How to SUP: Surfing Freighter Waves

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The crew from Seattle’s Surf Ballard, watching a fast-moving freighter and gauging a potential 300-yard ride. Photo: Rob Casey

How to SUP: Surfing Freighter Waves

When ocean waves are a distant dream, some standup paddlers will go to great lengths to improvise worthy rides. SUP magazine contributor Rob Casey shares a few tips from his experience watching, waiting for, and ripping the elusive freighter-generated waves of Washington’s Puget Sound.

Most wave riders think of freighter- or tanker-wave surfing, they think of the guys in Texas featured in the surfing movie, Step Into the Liquid. On the Puget Sound near Seattle, however, we've been surfing freighter and tug waves for nearly a decade in sea kayaks, and have recently begun to surf using standup boards. For our small core of dedicated wave hunters, the coast is three long hours away, while the boat wakes are a mere five minutes from home. We surf the coastal tugs, which typically create about three very steep waves in the deep water in the middle of the sound. These waves require speed to catch as well as a long paddle to where they're breaking. A long, fast board is required to drop in—the Bark 14 Expedition is an ideal example.

For freighter, tanker, and cruise ship waves, study marine charts to determine where the main flow of shipping is, and whether the waves from those boats will reach specific beaches that resemble good surfing breaks, whether it's a point, beach, or reef break. Lower tides are often your best bet at most spots with little wind or tidal current. In some cases the waves are just as clean and well formed as the best coastal surfing spots. I've had 300-yard long rides and overhead faces. And there's never a lineup as shipping traffic is infrequent, and even the slightest variation in wind or current can flatten an incoming set. Patience is paramount—one has to be willing to wait for up to an hour for a set only to get skunked. (In simply finding the waves to film this short video, it took me over a month to get enough footage to work with.) But the convergence of a proper tide, weather conditions, and certain fast moving boats make it all worthwhile.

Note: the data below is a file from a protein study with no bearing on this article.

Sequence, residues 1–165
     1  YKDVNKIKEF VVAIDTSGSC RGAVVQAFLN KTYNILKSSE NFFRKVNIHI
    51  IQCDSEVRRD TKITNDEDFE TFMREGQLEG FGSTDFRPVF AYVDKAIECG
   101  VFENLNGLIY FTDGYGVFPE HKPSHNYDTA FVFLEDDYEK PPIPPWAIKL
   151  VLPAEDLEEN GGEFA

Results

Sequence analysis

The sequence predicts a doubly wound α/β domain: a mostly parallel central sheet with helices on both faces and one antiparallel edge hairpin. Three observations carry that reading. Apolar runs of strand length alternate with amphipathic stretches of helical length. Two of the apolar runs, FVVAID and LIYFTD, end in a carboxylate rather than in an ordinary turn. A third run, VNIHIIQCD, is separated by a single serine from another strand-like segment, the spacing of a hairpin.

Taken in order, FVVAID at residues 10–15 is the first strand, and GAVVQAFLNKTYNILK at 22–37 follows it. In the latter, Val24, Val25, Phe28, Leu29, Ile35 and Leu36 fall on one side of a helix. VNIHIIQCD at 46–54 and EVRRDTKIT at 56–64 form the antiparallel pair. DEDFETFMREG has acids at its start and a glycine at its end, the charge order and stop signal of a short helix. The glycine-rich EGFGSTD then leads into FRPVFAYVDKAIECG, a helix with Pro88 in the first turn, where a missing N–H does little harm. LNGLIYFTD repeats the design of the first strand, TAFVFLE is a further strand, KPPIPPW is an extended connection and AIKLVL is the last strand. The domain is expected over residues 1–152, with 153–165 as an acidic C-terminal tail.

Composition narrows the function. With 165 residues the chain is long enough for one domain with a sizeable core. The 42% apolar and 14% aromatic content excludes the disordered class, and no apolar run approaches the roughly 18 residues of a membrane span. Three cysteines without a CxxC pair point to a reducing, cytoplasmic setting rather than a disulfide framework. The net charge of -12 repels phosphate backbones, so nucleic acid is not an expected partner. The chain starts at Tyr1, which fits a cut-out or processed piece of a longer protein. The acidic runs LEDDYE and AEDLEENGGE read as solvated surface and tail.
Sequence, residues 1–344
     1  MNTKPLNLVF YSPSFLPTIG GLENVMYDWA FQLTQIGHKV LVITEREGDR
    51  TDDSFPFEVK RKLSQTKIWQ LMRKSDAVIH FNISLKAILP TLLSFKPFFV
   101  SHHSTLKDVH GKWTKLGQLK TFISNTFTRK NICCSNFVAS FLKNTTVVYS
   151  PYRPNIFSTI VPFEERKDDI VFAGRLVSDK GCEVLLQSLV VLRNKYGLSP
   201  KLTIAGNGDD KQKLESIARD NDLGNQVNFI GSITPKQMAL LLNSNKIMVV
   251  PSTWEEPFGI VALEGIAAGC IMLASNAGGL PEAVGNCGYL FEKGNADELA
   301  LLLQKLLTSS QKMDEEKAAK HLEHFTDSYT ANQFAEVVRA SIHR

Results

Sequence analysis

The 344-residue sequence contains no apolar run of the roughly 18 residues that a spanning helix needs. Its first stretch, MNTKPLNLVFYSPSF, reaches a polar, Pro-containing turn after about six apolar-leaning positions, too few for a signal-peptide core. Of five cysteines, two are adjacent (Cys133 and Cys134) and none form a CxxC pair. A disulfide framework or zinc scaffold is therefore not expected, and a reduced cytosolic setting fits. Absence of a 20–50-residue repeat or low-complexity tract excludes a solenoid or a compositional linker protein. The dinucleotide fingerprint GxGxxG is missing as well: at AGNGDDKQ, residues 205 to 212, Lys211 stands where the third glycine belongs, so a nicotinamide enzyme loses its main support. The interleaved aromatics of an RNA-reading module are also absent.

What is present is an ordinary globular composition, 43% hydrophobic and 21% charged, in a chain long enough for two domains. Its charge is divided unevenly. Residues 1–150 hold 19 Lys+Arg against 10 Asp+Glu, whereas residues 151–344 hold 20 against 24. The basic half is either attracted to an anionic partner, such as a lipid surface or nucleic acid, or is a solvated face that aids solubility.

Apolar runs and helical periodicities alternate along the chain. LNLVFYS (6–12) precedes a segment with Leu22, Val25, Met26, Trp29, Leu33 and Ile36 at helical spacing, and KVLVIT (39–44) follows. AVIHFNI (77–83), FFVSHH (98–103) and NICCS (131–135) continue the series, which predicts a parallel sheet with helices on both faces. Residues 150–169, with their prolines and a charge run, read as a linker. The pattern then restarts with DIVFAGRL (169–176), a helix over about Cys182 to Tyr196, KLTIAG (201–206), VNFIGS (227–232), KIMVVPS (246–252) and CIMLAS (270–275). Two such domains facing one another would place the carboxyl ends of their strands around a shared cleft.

Marinetraffic.com can help track shipping movements. This website provides information on the type of ship, its speed and destination. Like all real-time sites, it tends to be slow at times, so plan to carry a good pair of binoculars to scan the horizon. We also rely on local Web cams to check tide and wind levels, as well as to confirm the location of ships if possible. If you have to travel considerable distances in open water to catch a wave, make sure to wear a leash, to dress for immersion, and to understand your local boating right-of-way regulations. In most cases, standup paddlers don't have right-of-way over larger ships, and getting caught in front of a fast-moving boat is, well, not recommended. —Rob Casey


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